The Denver Broncos didn’t land one of the top free agents in this class, but they have quietly been one of the biggest offseason winners thus far.
They missed out on defensive tackle D.J. Reader by opting out of the bidding war that the Cincinnati Bengals were desperate to win. Reader took the monster contract, leaving the team’s main free-agent focus as a missed opportunity by John Elway and co.
Though they couldn’t secure the 25-year old run-stuffer, they made up for it in many other ways.
On Day 1, they reached an agreement with ex-Detroit Lion offensive lineman Graham Glasgow, who was one of the better interior guys to hit the market. Glasgow has played center the past two years, meaning he’s likely to replace Connor McGovern (signed with the Jets). Glasgow has missed only two games in his four-year career, is only 27 years old, and has committed just 16 penalties in 3,693 offensive snaps.
For some context, Ronald Leary played three injury-plagued years in Denver, and committed 15 penalties.
The Broncos also landed a new starting cornerback to replace Chris Harris Jr., who parted for Los Angeles despite taking less money. The team struck a trade with the Jacksonville Jaguars to send a fourth-round pick (via San Francisco) for A.J. Bouye. Bouye was an undrafted cornerback that started his career in Houston, making his name there.
During his time in the league, he’s been part of some menacing defenses; including a Jaguars defense that made it to the AFC Championship in 2017 and nearly beat the Patriots to play the Eagles in the Super Bowl.
Bouye has incredible versatility having played both sides of the field as a cornerback, played the slot, played as a nickel back, and even took reps as a safety. He is a talented corner, a willing tackler, and can make plays on the ball, showcased by his 14 career interceptions (six in 2017).
Bouye will likely line up as the No. 1 corner opposite Bryce Callahan, with De’Vante Bausby as the No. 3. If the secondary can stay healthy, they have an opportunity to dominate the league with Von Miller and Bradley Chubb pursuing the opposing quarterbacks.
As previously mentioned, the Broncos missed out on D.J. Reader, but that may have been a blessing in disguise as the team struck up another trade, this time with the Tennessee Titans.
The Broncos acquired a five-time Pro-Bowl defensive tackle, who’s barely 30 years old, coming off a season that saw him anchor an AFC Championship caliber defense.
That player is Jurrell Casey.
Oh yeah, and he’s also on a relatively team-friendly contract for the next three seasons. They only had to give up a seventh-round pick (via Cleveland) that they had acquired earlier that day for fullback Andy Janovich. With Casey’s dominance inside, Miller and Chubb coming off of the edge, and the revamped secondary, this defense has a chance to be special.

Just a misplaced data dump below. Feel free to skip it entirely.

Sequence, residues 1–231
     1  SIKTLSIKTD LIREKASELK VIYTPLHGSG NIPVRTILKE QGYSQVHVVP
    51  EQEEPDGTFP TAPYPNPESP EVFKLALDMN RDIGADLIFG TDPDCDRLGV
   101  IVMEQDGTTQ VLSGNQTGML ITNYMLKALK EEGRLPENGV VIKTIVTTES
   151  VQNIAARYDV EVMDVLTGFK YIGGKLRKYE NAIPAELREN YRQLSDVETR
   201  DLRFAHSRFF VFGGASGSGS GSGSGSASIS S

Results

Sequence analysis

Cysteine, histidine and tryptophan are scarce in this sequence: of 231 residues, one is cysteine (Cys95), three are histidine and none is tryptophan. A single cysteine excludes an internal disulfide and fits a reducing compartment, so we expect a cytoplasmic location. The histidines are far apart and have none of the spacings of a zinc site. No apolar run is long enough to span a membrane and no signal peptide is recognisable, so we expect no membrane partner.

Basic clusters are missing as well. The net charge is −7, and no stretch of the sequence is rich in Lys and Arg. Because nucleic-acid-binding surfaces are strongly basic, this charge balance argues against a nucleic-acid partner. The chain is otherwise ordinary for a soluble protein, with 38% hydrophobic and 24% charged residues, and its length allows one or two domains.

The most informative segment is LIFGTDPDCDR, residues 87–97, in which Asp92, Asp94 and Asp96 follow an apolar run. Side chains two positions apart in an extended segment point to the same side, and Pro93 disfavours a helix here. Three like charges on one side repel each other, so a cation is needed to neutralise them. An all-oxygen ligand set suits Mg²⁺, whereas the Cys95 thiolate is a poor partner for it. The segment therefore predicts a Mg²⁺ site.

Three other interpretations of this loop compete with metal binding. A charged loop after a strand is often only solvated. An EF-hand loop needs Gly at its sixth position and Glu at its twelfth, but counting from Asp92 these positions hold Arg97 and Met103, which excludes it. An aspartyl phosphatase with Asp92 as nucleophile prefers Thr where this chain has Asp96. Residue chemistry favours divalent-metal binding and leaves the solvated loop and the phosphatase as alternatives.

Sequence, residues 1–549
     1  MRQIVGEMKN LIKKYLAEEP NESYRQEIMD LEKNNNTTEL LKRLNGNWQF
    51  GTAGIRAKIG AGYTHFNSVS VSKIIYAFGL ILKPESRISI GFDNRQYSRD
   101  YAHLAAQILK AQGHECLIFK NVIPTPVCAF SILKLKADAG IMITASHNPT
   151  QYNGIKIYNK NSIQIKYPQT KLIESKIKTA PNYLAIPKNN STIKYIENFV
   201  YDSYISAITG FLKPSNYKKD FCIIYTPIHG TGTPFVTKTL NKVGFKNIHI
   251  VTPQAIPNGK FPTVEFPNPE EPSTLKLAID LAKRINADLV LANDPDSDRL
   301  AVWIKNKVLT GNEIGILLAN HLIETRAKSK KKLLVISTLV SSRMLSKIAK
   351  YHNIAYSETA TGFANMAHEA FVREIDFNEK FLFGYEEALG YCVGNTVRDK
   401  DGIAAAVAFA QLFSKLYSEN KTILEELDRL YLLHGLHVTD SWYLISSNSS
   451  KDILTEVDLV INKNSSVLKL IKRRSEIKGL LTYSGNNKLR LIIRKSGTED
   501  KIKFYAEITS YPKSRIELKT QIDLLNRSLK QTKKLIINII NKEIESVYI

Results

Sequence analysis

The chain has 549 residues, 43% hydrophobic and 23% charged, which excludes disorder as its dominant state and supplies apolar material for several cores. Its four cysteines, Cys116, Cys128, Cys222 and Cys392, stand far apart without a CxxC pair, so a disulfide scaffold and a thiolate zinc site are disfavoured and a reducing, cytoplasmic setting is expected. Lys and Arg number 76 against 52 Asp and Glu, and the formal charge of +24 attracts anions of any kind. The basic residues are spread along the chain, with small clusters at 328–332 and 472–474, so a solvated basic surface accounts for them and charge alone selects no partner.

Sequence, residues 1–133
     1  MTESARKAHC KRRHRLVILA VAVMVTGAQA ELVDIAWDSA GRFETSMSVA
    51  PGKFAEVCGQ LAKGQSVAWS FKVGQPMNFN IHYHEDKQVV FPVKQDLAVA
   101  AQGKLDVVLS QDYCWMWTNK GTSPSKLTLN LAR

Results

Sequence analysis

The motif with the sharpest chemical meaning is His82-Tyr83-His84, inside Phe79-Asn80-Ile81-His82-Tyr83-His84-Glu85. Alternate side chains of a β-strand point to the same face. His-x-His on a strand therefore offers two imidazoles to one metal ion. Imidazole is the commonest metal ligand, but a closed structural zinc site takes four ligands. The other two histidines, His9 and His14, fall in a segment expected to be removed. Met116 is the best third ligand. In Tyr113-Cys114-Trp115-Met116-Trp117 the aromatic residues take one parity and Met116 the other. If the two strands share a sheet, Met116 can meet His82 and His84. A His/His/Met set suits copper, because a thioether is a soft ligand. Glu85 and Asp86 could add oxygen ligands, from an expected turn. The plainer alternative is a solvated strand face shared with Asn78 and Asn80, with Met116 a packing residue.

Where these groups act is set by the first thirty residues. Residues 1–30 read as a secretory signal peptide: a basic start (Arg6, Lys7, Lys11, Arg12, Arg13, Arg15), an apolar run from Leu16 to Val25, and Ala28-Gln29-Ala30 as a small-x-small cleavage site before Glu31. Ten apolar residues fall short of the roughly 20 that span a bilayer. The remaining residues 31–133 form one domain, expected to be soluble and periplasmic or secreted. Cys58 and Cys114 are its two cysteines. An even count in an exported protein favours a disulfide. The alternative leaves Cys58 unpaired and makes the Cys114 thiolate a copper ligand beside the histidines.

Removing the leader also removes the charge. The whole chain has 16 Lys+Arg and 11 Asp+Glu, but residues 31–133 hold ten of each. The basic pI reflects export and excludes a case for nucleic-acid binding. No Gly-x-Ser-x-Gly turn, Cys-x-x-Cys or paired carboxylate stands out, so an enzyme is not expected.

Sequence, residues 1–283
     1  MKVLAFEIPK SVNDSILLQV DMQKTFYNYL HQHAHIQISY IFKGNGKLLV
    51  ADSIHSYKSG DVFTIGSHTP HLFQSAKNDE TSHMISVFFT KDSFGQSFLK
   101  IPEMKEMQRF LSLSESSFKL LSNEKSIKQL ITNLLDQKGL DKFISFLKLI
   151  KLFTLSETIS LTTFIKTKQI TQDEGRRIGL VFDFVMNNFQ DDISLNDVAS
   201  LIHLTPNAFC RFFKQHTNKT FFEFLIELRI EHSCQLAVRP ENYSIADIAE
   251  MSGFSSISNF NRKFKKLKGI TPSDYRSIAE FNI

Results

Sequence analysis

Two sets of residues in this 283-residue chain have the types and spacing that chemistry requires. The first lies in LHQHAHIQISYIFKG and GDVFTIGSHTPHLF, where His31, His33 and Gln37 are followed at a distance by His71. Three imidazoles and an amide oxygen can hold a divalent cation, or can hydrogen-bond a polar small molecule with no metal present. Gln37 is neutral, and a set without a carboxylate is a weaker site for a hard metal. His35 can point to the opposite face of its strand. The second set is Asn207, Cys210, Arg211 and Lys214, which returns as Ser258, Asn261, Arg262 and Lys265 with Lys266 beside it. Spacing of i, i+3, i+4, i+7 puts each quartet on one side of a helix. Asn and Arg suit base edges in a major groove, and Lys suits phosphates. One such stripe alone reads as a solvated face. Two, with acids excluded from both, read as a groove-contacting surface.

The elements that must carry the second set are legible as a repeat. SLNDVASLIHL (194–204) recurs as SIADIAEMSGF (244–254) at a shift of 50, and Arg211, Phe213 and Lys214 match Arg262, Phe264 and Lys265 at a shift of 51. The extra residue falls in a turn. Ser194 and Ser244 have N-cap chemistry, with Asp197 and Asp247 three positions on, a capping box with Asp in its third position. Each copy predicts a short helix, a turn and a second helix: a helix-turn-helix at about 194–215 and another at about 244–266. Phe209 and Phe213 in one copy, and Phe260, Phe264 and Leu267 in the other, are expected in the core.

On the housekeeping side of the offseason, the Broncos franchise-tagged Justin Simmons with hopes of striking a long-term contract extension before the start of the season. They also tagged Elijah Wilkerson and Mike Purcell with second-round exclusive tenders.
The team opted not to tag Joe Jones or De’Vante Bausby, however, they reached contracts with both players before that became an issue.
After making the decision to not pick up Ronald Leary’s team option, the team freed some salary cap. The Broncos also decided to cut Joe Flacco after he failed a physical, freeing up an additional $10.2 million in cap space, opening the door for Denver to bring in a veteran to back up Drew Lock.
The Broncos signed Jeff Driskel, who played his first season under Andy Dalton and his second under Matthew Stafford. He now comes to Denver having played just 12 games in his career, with a record of 1-7, having played on some really bad teams those two seasons. He will be a low-risk backup that has experience backing up some talented quarterbacks.
Then came Friday, where the team’s move of the offseason (thus far) took place, signing veteran running back Melvin Gordon to a two-year deal worth $16 million.
Gordon was frustrated with the Chargers refusing to give him a new contract, so he took less money to go to Denver, giving him two cracks against them a season. Gordon and Phillip Lindsay will make an excellent duo, and supply another set of weapons to usher Drew Lock into his second season.
With $9,914,222 required to sign their 10 draft picks, estimated via OverTheCap.com, the Denver Broncos still have almost $14.5 million to possibly make a run at another defensive free agent. Once they complete this free agency period, the draft will likely be used to primarily build the offense.
The team still has a decision to make on Garrett Bolles, which will likely be exercising his fifth-year option. While he’s made a name for himself being inconsistent and committing timely, costly penalties, he did finish 2019 with just two penalties in his last seven games.
He also didn’t allow a sack over that period.
The team brought in Mike Munchak to help get the offensive line to a competitive level, and it appeared to begin taking shape toward the end of the year.
Some fans believe that this draft is a first-round where they must select an offensive lineman, while others believe it’s “receiver or bust.” While it shouldn’t truly matter, expect the Broncos to select whichever player is the best available at one of those positions.
With a third consecutive strong draft, a successful offseason, healthy starters, and some internal player development, the Denver Broncos look poised to take 2020 by storm and correct the trend that’s persisted for three straight seasons: sub-.500 football.